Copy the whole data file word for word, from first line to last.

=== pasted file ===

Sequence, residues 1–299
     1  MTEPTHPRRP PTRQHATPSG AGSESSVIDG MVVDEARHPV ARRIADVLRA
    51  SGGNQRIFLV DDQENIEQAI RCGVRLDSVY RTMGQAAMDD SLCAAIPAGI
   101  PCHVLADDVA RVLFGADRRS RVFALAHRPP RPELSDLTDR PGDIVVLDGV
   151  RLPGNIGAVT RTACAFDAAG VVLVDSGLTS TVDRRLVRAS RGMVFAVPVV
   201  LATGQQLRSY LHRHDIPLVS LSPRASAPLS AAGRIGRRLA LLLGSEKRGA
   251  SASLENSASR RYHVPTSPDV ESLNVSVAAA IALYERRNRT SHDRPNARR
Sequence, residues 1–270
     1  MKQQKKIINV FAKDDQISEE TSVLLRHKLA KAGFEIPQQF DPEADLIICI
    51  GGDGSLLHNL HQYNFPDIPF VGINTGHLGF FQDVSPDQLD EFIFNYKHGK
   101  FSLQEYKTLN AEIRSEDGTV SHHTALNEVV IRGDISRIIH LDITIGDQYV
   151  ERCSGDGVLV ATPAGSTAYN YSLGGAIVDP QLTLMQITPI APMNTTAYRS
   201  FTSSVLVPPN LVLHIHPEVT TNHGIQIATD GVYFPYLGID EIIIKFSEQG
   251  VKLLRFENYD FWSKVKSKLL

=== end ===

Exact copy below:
Sequence, residues 1–299
     1  MTEPTHPRRP PTRQHATPSG AGSESSVIDG MVVDEARHPV ARRIADVLRA
    51  SGGNQRIFLV DDQENIEQAI RCGVRLDSVY RTMGQAAMDD SLCAAIPAGI
   101  PCHVLADDVA RVLFGADRRS RVFALAHRPP RPELSDLTDR PGDIVVLDGV
   151  RLPGNIGAVT RTACAFDAAG VVLVDSGLTS TVDRRLVRAS RGMVFAVPVV
   201  LATGQQLRSY LHRHDIPLVS LSPRASAPLS AAGRIGRRLA LLLGSEKRGA
   251  SASLENSASR RYHVPTSPDV ESLNVSVAAA IALYERRNRT SHDRPNARR
Sequence, residues 1–270
     1  MKQQKKIINV FAKDDQISEE TSVLLRHKLA KAGFEIPQQF DPEADLIICI
    51  GGDGSLLHNL HQYNFPDIPF VGINTGHLGF FQDVSPDQLD EFIFNYKHGK
   101  FSLQEYKTLN AEIRSEDGTV SHHTALNEVV IRGDISRIIH LDITIGDQYV
   151  ERCSGDGVLV ATPAGSTAYN YSLGGAIVDP QLTLMQITPI APMNTTAYRS
   201  FTSSVLVPPN LVLHIHPEVT TNHGIQIATD GVYFPYLGID EIIIKFSEQG
   251  VKLLRFENYD FWSKVKSKLL